"For every young American who participates in the Peace Corps—who works in a foreign land—will know that he or she is sharing in the great common task of bringing to man that decent way of life which is the foundation of freedom and a condition of peace."-President Kennedy, March 1, 1961
On October 14, 1960, at 2 a.m., Senator John F. Kennedy spoke to a crowd of 10,000 cheering students at the University of Michigan in Ann Arbor during a presidential campaign speech. In his improvised speech, Kennedy asked,
"How many of you, who are going to be doctors, are willing to spend your days in Ghana? Technicians or engineers, how many of you are willing to work in the Foreign Service and spend your lives traveling around the world?"
His young audience responded to this speech with a petition signed by 1,000 students willing to serve abroad. Senator Kennedy's challenge to these students—to live and work in developing countries around the world; to dedicate themselves to the cause of peace and development—inspired the beginning of the Peace Corps.
From that inspiration grew an agency of the federal government devoted to world peace and friendship. Since that time, 200,000+ Peace Corps Volunteers have served in 139 host countries to work on issues ranging from AIDS education to information technology and environmental preservation.
The Peace Corps is always adapting to the times and to an ever-changing world, but has never wavered from its three original goals:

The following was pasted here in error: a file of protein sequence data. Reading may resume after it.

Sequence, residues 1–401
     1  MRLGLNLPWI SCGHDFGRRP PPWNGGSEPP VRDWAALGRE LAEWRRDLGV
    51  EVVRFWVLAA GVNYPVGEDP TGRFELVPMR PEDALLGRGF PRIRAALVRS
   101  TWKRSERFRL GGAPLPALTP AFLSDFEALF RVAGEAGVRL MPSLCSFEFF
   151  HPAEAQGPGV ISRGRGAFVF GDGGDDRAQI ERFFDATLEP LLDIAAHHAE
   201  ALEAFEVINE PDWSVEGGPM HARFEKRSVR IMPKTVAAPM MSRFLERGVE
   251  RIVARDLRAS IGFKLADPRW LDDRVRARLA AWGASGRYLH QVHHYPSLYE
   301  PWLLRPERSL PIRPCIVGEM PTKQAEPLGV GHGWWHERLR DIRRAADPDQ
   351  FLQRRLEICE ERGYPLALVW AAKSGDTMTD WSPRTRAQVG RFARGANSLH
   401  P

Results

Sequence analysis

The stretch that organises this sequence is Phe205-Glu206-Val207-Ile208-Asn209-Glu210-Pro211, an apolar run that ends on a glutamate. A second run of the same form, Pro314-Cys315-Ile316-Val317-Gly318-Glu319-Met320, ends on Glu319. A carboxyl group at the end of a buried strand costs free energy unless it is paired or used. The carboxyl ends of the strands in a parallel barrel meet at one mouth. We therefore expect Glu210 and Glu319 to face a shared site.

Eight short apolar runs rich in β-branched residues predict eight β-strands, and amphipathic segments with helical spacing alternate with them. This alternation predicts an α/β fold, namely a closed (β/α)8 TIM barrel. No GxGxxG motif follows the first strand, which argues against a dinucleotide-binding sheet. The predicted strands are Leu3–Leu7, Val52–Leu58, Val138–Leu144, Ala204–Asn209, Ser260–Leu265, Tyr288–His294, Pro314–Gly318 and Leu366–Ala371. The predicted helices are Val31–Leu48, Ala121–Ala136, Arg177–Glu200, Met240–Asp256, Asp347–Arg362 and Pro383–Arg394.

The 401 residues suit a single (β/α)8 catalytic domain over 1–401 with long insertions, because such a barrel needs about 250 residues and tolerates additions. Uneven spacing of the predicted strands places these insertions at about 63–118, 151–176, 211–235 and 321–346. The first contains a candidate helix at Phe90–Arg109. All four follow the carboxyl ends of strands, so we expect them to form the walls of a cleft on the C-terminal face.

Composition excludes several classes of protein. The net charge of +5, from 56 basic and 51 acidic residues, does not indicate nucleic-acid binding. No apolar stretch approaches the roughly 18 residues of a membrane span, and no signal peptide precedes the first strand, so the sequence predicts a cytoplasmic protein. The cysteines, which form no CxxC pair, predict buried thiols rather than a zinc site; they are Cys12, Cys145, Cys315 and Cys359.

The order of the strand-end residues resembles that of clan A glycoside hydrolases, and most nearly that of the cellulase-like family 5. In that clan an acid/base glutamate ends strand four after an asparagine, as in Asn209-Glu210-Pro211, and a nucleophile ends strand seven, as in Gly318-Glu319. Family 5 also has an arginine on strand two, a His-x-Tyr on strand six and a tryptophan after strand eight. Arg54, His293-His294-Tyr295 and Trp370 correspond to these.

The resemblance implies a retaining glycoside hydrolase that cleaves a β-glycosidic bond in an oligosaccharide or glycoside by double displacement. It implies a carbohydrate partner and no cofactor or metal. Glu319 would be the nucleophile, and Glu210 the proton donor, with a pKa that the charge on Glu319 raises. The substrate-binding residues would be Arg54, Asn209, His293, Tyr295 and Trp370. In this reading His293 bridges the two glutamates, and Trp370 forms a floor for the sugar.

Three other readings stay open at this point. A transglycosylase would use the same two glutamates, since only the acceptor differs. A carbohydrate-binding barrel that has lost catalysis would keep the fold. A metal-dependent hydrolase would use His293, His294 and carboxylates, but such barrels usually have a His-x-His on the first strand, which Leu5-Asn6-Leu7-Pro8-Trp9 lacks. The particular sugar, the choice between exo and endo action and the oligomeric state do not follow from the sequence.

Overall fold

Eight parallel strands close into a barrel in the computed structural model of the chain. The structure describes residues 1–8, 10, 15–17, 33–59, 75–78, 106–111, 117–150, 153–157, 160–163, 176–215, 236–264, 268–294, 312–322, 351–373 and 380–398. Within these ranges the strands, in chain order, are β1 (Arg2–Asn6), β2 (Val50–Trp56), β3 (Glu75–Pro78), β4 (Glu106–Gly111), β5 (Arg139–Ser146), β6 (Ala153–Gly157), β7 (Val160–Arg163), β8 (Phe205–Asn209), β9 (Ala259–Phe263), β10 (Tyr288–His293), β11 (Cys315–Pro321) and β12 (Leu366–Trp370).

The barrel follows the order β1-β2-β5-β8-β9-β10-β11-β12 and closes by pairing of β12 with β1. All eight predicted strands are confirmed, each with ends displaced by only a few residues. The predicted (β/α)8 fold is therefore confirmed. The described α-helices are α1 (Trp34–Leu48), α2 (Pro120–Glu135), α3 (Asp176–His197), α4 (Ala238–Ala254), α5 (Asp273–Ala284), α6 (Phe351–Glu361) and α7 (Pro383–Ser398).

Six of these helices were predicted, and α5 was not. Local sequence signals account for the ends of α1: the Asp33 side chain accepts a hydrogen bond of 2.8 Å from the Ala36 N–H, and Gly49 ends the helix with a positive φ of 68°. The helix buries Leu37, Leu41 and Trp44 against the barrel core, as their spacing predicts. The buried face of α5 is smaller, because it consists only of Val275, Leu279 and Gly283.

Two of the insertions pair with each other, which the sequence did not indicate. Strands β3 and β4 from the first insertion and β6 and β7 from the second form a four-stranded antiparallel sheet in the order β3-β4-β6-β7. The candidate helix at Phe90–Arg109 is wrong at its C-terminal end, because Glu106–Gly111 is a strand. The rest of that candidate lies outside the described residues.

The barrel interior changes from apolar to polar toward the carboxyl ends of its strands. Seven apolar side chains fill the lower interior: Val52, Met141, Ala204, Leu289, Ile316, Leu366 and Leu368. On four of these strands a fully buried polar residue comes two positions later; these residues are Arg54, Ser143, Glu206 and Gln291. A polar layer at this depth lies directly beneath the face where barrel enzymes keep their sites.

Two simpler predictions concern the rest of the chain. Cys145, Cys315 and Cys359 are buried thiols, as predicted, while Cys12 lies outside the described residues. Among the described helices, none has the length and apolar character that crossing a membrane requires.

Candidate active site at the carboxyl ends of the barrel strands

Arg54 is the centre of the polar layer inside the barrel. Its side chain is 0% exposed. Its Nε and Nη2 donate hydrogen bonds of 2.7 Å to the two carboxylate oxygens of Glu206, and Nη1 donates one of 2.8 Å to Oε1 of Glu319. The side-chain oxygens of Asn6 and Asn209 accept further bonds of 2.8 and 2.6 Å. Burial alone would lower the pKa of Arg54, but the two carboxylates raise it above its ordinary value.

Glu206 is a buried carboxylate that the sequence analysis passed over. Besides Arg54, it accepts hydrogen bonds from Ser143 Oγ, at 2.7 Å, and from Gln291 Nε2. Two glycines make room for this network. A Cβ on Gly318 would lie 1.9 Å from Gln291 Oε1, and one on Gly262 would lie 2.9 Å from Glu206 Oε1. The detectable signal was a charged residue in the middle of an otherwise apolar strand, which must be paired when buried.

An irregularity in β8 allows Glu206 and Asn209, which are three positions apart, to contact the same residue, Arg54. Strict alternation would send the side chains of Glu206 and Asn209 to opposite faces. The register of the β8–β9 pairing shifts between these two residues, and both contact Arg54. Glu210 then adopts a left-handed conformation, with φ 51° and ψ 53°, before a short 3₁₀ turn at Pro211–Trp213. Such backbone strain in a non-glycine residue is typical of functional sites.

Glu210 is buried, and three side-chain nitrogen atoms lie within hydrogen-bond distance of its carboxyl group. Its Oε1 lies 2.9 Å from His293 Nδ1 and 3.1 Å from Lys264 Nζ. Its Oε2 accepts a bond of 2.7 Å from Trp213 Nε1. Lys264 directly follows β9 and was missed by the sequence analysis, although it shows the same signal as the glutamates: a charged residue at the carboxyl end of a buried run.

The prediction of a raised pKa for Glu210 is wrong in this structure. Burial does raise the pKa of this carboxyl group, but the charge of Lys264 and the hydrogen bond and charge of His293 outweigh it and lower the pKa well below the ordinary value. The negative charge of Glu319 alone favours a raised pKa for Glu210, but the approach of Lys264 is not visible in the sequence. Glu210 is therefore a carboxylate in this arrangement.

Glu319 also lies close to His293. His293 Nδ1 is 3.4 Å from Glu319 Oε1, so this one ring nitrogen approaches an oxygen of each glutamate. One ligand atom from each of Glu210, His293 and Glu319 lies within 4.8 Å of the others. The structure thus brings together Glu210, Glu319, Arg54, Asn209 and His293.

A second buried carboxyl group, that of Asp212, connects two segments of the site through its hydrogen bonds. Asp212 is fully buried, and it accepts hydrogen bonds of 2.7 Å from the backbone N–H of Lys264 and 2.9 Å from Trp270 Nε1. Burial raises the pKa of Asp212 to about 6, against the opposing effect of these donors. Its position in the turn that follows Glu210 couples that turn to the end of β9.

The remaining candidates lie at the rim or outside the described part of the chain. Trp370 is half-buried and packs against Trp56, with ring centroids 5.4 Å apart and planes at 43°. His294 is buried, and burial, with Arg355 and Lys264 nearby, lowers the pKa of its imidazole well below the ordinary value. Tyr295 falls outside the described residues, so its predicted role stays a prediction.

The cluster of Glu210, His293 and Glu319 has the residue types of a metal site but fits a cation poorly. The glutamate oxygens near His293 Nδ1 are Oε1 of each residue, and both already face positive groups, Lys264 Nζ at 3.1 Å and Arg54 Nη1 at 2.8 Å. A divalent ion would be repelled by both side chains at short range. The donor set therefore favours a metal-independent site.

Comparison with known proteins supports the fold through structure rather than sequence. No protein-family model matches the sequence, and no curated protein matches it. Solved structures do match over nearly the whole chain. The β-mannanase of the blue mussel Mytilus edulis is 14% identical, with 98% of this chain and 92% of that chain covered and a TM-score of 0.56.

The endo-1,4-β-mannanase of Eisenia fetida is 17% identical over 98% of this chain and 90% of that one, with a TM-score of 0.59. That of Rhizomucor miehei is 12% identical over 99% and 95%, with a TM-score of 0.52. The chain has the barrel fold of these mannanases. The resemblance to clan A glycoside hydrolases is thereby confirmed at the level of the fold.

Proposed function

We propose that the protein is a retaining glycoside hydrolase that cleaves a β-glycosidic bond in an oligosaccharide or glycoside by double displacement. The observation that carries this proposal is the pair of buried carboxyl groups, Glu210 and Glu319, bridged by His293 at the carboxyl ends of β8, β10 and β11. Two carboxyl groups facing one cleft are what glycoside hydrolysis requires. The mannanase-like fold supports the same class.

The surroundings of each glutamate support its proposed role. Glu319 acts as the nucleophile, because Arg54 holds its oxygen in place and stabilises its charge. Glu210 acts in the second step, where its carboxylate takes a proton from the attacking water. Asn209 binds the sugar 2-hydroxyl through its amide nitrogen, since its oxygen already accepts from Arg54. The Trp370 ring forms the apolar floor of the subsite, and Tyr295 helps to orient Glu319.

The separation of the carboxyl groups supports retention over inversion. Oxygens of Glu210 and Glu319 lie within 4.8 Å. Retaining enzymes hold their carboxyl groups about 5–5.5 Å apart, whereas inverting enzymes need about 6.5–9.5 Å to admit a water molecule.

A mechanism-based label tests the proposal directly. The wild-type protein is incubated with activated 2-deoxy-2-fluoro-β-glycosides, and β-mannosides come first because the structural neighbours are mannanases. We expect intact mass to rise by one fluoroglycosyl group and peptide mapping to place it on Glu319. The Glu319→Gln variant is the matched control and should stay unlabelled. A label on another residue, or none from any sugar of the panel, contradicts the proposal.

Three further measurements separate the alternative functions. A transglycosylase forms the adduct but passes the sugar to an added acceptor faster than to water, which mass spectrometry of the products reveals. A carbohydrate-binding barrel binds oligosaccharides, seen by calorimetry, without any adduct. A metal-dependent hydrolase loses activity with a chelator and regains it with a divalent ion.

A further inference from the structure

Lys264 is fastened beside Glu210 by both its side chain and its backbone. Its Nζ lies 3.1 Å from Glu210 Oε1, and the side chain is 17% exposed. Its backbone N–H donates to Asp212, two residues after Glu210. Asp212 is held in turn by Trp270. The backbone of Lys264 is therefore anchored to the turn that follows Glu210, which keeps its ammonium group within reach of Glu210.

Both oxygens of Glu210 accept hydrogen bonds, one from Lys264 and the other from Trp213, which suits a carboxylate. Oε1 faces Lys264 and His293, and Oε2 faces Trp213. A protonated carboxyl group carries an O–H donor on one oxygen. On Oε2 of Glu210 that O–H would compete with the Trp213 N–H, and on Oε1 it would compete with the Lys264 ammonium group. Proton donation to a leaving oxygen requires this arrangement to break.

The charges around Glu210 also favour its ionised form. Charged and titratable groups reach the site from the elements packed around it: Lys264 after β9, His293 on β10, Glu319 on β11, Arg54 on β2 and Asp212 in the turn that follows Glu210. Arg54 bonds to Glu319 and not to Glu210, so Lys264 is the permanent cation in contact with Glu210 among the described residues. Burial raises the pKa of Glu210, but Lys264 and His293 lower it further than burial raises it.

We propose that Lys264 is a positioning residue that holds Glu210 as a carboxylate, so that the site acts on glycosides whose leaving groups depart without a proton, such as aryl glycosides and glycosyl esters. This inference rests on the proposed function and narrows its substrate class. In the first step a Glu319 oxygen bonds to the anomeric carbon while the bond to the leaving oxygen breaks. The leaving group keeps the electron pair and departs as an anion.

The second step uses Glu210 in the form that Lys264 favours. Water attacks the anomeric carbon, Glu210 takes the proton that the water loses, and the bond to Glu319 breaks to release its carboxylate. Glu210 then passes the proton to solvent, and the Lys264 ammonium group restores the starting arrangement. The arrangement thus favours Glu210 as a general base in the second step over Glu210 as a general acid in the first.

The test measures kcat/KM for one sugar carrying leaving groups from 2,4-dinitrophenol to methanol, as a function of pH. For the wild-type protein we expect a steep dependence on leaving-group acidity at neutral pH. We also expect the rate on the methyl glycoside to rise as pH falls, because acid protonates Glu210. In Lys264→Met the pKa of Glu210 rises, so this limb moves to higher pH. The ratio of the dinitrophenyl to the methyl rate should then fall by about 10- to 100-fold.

-To help the people of interested countries and areas in meeting their needs for trained workers
-To help promote a better understanding of Americans on the part of the peoples served
-To help promote a better understanding of other peoples on the part of Americans
The program continues to reflect the evolving priorities of the U.S. government and changes in the population of the United States. Today, on average, volunteers are older than their predecessors and more experienced in specialized fields.
After almost five decades of service, the Peace Corps is still growing. From John F. Kennedy's inspiration came an agency devoted to world peace and friendship and volunteers who continue to help individuals build a better life for themselves, their children, their community, and their country.
Today's Peace Corps is more vital than ever, working in emerging and essential areas such as information technology and business development, and contributing to the President's Emergency Plan for AIDS Relief. Peace Corps Volunteers continue to help countless individuals who want to build a better life for themselves, their children, and their communities.